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ENCYCLOPEDIC ENTRY
ENCYCLOPEDIC ENTRY

Military

Military

Defending the country if and when needed is an important citizenship responsibility. The military is the organization that fulfills this responsibility.

Grades

5 - 8

Subjects

Civics, Social Studies, U.S. History

Image

Soldiers Training in Kansas

American soldiers part of the Army reserve practice at Fort Riley in Kansas, United States. All soldiers in the United States army must go through a rigorous training process.

Photograph by Neil Simmons DVIDS

Also called the armed forces, the military is a professional organization authorized by a country to use deadly weapons and force. The main role of the military is to defend the country and its citizens. The military may also help defend one or more countries in a war, provide aid in times of crisis, or protect the government from domestic threats

In the United States, there are five branches of military service: Army, Navy, Air Force, Marine Corps, and Coast Guard. The first four of these branches are organized as part of the Department of Defense; the U.S. Coast Guard is part of the Department of Homeland Security. As dictated by the U.S. Constitution, the president of the United States is the commander in chief of the military. This means the president is the top leader of all four branches.

There are different categories of military service. Active duty personnel are full-time soldiers and sailors. There are currently more than 1.29 million men and women in active service in the U.S. military, which is less than 0.5 percent of the U.S. population. The army is the largest branch, with more than 470,000 active duty personnel. The Navy and Air Force each has over 320,000 active duty personnel, and there are more than 180,000 Marines.

Recruits must be a U.S. citizen or resident alien; be at least 17 years of age (17-year old applicants require parental consent); pass a physical exam; and (with a few exceptions) have a high school diploma. Officers—who are trained to be the leaders and supervisors of enlisted personnel—must also have a bachelor’s degree from college.

Each branch of the military also has reserve personnel. The National Guard is organized and controlled by the states and is often used to assist in disaster situations or state emergencies. Reserve and National Guard personnel typically work a civilian (non-military) job, but they are trained to be prepared to be called to full-time active military duty if the country is in need.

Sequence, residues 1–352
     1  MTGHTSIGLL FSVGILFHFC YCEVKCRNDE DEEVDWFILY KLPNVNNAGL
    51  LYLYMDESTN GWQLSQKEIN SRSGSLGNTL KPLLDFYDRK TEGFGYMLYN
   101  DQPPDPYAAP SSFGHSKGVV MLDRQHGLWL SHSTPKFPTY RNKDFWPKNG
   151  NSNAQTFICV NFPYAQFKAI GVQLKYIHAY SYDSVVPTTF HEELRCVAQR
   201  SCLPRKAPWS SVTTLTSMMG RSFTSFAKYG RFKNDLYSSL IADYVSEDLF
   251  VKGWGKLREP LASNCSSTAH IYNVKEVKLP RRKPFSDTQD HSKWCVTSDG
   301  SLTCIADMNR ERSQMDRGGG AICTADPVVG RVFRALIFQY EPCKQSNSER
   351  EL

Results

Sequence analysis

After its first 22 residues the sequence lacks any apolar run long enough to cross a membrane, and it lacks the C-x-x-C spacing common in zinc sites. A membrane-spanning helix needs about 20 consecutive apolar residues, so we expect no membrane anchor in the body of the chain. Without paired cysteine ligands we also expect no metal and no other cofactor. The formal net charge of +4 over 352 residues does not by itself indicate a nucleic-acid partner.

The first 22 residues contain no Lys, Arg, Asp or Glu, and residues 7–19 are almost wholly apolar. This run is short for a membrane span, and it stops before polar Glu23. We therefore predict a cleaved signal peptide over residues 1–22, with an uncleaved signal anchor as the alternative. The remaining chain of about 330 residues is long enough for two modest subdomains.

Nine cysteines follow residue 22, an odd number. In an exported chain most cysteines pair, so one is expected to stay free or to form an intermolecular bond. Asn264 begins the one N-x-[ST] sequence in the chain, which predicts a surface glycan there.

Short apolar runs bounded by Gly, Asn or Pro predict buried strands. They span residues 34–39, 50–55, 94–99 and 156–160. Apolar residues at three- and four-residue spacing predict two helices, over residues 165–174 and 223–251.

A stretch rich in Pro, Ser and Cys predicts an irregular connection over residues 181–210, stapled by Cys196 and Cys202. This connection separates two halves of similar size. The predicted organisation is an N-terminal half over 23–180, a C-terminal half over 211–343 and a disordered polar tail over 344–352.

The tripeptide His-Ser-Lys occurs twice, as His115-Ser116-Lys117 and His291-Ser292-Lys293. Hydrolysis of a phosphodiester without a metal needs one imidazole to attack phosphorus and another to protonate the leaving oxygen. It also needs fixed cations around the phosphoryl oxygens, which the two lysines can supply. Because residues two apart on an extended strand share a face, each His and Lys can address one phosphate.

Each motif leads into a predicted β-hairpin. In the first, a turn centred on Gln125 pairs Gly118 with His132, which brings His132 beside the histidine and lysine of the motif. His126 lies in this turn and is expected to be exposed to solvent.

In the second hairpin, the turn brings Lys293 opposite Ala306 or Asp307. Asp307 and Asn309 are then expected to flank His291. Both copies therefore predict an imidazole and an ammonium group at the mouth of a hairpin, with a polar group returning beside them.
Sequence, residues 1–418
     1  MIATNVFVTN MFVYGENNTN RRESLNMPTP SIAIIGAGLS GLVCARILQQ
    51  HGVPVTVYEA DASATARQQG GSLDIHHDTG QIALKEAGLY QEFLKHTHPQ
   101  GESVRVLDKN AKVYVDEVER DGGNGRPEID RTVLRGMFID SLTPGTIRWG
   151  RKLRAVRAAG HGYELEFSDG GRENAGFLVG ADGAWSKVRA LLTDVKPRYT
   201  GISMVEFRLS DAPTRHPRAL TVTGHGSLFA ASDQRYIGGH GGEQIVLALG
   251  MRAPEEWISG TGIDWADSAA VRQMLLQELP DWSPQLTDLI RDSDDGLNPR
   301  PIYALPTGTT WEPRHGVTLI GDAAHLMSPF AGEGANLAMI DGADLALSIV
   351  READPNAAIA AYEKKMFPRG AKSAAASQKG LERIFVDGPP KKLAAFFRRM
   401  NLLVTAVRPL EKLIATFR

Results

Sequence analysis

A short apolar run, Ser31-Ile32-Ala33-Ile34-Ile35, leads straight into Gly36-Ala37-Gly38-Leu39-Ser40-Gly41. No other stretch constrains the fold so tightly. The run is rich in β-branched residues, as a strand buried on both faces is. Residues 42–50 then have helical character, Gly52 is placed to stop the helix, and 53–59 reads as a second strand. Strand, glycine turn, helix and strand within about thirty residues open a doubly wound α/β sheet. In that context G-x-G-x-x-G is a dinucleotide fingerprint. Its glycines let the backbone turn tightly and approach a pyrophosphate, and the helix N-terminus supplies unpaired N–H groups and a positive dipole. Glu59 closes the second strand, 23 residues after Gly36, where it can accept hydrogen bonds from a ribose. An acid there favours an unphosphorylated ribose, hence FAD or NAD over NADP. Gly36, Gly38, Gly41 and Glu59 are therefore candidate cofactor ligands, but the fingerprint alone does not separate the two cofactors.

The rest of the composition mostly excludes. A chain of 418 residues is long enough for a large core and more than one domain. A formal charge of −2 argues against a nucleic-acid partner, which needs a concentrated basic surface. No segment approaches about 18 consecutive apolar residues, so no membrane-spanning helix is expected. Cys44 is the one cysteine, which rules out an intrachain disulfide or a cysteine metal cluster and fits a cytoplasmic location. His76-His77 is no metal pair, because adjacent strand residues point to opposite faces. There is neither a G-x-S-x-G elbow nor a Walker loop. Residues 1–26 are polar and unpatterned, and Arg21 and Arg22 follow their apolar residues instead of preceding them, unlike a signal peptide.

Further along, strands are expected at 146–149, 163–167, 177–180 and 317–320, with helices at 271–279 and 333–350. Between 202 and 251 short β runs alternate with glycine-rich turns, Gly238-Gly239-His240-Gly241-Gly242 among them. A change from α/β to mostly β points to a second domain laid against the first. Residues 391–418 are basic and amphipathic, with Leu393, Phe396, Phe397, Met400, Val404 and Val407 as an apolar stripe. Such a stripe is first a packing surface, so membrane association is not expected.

The United States currently has an all-volunteer military force. However, all male U.S. citizens are required to register for the draft when they turn 18. A draft is a mandatory enrollment of individuals into the military that can be used in times of war. The nation’s first military draft began in 1940 and continued during times of both war and peace until 1973.

Both men and women serve in all branches. When the draft ended, women represented just two percent of the enlisted forces, but today, women account for roughly 16 percent of enlisted personnel and 18 percent of officers. The Navy has the highest percentage of women; almost 25 percent of active duty personnel in the Navy are women.

Today, the U.S. military maintains almost 800 military bases in more than 70 countries. Most of the troops are in Asia and Europe. The number and location both change in response to threats. In addition, there are more than 420 military installations in the 50 states, District of Columbia, Guam, and Puerto Rico. California is home to more military installations than any other state.

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Director
Tyson Brown, National Geographic Society
Author
National Geographic Society
Production Managers
Gina Borgia, National Geographic Society
Jeanna Sullivan, National Geographic Society
Program Specialists
Sarah Appleton, National Geographic Society, National Geographic Society
Margot Willis, National Geographic Society
Specialist, Content Production
Clint Parks
Producer
André Gabrielli, National Geographic Society
other
Last Updated

May 20, 2022

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